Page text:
Restaurant owner Bill Krekel is known around central Illinois for his hamburgers. Since 1953 he’s been serving up “Krekelburgers,” as people call them, at hamburger stands in Decatur, Springfield, and Mount Zion. Bill Madlock, formerly of the Chicago Cubs, grew up in Decatur and swears by Krekelburgers. So does country singer Crystal Gayle, who stopped off for a sandwich on her way to the Nashville North nightclub in nearby Taylorville. Krekel says that years ago he sent the first American hamburgers to Russia, when a group of exchange students attending Eisenhower High School in Decatur took home a dozen Krekelburgers in a cooler.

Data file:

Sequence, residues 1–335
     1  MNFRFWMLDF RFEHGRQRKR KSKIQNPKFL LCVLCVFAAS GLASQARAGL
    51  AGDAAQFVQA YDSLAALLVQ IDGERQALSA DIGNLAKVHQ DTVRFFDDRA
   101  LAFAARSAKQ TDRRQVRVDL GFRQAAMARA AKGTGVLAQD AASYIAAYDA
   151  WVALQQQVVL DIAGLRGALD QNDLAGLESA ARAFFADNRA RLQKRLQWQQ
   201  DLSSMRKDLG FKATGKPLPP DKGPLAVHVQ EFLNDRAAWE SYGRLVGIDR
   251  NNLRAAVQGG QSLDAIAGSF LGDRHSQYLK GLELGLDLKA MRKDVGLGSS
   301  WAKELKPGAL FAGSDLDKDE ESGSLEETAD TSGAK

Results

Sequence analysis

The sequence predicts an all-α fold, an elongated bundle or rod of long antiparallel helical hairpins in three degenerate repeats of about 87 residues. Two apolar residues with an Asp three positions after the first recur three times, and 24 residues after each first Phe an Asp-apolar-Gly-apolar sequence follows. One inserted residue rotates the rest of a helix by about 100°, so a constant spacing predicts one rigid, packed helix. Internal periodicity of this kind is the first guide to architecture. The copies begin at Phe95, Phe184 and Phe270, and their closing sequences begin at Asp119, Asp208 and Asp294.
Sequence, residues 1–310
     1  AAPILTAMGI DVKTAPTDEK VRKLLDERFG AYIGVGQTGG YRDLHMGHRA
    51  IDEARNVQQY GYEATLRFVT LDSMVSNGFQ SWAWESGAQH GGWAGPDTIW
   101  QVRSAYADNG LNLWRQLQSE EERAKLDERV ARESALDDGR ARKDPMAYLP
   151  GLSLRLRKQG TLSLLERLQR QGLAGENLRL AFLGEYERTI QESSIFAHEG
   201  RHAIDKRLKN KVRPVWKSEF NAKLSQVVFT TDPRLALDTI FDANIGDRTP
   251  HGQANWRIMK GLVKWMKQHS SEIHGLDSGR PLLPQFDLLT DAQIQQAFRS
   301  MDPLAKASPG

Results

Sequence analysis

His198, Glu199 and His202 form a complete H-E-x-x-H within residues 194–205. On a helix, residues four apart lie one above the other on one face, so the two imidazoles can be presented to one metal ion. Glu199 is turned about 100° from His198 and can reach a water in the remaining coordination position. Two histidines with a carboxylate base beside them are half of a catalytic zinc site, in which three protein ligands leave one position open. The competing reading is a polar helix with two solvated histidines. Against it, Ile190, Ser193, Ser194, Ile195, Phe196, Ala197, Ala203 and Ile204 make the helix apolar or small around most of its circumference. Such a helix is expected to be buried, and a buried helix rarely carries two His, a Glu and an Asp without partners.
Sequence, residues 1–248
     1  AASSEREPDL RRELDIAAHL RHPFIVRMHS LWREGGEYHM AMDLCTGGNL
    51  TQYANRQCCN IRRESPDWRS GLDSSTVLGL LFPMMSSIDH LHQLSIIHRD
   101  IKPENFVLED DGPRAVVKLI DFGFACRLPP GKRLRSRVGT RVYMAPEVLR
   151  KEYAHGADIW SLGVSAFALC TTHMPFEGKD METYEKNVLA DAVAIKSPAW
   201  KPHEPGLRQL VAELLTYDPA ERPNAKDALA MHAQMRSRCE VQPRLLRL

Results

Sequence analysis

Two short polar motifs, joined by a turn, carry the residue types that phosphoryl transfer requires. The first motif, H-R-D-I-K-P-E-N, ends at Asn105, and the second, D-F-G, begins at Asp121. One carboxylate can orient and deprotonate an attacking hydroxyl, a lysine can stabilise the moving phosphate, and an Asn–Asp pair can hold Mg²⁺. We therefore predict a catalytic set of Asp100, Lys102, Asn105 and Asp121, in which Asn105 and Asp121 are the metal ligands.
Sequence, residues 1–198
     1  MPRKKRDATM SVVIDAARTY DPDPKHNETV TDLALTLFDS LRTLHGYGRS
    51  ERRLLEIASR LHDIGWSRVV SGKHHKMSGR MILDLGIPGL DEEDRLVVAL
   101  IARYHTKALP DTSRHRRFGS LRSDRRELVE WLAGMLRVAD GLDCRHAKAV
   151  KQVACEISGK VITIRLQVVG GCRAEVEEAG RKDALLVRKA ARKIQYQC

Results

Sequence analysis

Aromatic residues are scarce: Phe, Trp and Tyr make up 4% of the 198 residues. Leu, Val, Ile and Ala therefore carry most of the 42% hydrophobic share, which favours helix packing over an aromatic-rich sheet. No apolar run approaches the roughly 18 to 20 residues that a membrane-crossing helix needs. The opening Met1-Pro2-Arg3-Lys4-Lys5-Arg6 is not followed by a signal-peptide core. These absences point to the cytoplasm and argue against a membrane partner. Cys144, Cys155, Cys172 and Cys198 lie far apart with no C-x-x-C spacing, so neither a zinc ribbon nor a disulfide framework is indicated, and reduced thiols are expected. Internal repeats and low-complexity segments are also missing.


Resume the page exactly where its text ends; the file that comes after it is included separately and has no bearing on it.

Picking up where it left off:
But despite his famous hamburgers, most people in Decatur know Krekel as the Chicken Man. For 30 years now he’s been driving around in Cadillacs with big red-and-white fiberglass chicken heads on the roof and black-and-white fiberglass tail feathers on the trunk lids. Krekel’s friend Paul White, a Kentucky sculptor who specializes in fiberglass animals, designed the first chicken car in 1972. (One afternoon, when Krekel and his wife Nancy were driving it back to Decatur from their vacation home in the Lake of the Ozarks, they overheard a trucker on their CB radio declaring, “Lady, you’re going to see the most gorgeous cock on the interstate.” The woman shot back, “That’s not a cock, that’s a rooster.”) Krekel decided to order one for each of his four Decatur hamburger stands. Of course, he had to add chicken sandwiches to his menus, but the cars were worth it. One had a pair of speakers under the hood, and with the press of a button it would start clucking.